Nick Sandmann, the Kentucky teen who was subjected to negative press coverage in a viral video, has joined Senate Majority Leader Mitch McConnell’s (R-Ky.) reelection campaign.

“We’re excited to have Nicholas on Team Mitch,” Team Mitch Campaign Manager Kevin Golden said in a statement to media outlets on Friday. “Along with our already strong team, his efforts to bring people together all across Kentucky will be critical to Senator McConnell’s victory this November.”

On Thursday, Sandmann appeared to hint the news, posting to his Twitter “finally got to add more to my bio than just my schools.” McConnell’s campaign responded to the post, stating “Welcome to #TeamMitch!”

Sandmann, who will remain a student at Transylvania University, will work as a grassroots director for the campaign where he will assist with coalitions and field operations.

The Kentucky teen was among a group of Covington Catholic High School students who attended the anti-abortion March for Life in Washington in early 2019.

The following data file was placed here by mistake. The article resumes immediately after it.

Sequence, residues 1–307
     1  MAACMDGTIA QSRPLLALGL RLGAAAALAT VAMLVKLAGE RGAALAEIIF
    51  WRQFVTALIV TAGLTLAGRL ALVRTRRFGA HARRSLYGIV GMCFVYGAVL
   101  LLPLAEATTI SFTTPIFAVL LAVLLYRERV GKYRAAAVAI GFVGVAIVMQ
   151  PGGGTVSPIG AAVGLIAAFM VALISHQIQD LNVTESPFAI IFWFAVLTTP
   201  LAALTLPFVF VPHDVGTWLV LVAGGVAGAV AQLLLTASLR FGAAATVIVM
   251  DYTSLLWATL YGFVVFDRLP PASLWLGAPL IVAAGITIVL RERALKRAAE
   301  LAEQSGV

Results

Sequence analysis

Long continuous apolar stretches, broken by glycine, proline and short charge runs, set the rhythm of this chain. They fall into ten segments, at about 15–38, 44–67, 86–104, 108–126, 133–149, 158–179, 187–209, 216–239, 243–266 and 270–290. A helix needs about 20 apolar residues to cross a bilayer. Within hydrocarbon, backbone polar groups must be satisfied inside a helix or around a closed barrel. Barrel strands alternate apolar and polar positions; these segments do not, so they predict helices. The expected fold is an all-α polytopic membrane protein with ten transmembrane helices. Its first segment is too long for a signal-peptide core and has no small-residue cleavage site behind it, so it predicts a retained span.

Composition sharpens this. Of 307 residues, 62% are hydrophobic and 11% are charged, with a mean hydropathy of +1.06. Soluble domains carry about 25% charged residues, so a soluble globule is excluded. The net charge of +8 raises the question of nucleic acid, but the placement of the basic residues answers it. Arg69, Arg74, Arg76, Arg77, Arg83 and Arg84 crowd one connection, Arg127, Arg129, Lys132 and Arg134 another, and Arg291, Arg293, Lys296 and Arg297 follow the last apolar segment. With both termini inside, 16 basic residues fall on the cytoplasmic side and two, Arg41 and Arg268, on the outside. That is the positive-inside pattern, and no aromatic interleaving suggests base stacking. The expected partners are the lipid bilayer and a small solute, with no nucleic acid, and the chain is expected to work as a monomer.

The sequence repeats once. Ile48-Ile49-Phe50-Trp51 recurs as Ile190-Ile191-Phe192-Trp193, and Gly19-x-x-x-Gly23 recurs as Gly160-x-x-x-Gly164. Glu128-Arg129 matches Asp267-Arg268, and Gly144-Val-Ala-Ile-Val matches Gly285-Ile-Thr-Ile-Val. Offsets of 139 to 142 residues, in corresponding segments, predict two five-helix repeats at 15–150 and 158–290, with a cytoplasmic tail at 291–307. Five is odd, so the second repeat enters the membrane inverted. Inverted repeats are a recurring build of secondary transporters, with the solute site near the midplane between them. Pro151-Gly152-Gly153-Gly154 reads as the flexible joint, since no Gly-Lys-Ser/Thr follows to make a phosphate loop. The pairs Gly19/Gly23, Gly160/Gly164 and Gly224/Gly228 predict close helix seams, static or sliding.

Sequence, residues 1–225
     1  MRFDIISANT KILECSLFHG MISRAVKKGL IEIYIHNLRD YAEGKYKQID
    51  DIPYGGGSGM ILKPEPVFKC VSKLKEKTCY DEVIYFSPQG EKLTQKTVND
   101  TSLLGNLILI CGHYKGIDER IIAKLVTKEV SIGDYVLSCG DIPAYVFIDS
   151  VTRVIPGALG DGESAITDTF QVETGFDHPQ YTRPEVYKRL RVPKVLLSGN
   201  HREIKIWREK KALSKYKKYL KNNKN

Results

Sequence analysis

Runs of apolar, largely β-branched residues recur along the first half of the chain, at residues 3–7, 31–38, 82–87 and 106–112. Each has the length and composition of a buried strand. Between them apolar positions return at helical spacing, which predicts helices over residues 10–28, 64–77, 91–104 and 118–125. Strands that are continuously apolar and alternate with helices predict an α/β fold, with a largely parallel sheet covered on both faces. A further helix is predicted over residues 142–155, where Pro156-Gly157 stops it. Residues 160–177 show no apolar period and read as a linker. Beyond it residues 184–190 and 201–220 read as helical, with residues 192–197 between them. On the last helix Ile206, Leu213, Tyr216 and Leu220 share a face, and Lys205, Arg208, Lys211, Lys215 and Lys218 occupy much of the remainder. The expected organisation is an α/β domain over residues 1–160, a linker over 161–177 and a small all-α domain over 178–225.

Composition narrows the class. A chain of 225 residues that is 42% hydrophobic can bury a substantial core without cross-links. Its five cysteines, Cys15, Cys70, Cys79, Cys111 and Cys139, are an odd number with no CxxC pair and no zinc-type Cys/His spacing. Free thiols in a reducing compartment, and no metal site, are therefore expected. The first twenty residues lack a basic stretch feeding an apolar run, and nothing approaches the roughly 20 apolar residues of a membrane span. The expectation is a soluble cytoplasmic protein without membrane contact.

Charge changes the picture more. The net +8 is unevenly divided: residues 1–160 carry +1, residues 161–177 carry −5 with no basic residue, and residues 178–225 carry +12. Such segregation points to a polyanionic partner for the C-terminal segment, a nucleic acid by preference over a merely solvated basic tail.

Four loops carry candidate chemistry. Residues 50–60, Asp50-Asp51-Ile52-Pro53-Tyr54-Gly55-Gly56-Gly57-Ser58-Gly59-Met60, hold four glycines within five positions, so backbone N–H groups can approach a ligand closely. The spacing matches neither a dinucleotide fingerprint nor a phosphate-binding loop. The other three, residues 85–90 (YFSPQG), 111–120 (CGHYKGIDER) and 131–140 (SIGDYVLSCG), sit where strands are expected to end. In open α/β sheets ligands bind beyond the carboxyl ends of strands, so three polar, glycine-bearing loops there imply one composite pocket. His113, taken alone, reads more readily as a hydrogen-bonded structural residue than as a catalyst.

While they were waiting for their bus near the Lincoln Memorial the students were approached by several Native American activists led by 64-year-old Nathan Phillips, drumming and chanting.

A video of the incident quickly became viral. Sandmann was seen standing close and smiling to Phillips, a Native American man, while wearing a “Make America Great Again” hat.

News outlets and Twitter users then accused Sandmann of harassment and of being a racist, but a longer version of the clip showed a different story.

An investigation carried out by the Catholic Diocese of Covington later revealed that the students made no offensive or racist comments about Phillips.

The biased coverage against Sandmann led to intense criticism of the teen. Sandmann eventually sued CNN and Washington Post for defamation.

Last month, a spokesperson for the Washington Post told news outlets that the suit was settled. “We are pleased that we have been able to reach a mutually agreeable resolution of the remaining claims in this lawsuit,” the spokesperson said.

Meanwhile, CNN had settled with Sandmann in January.

Earlier this week, Sandmann spoke at the Republican National Convention, where he spoke about “cancel culture” and the media.

“I wouldn’t be canceled. I fought back hard to expose the media for what they did to me and won a personal victory. While much more must be done, I look forward to the day that the media returns to providing balanced, responsible, and accountable news coverage,” he said during his address. “I know President Trump hopes for that too.”

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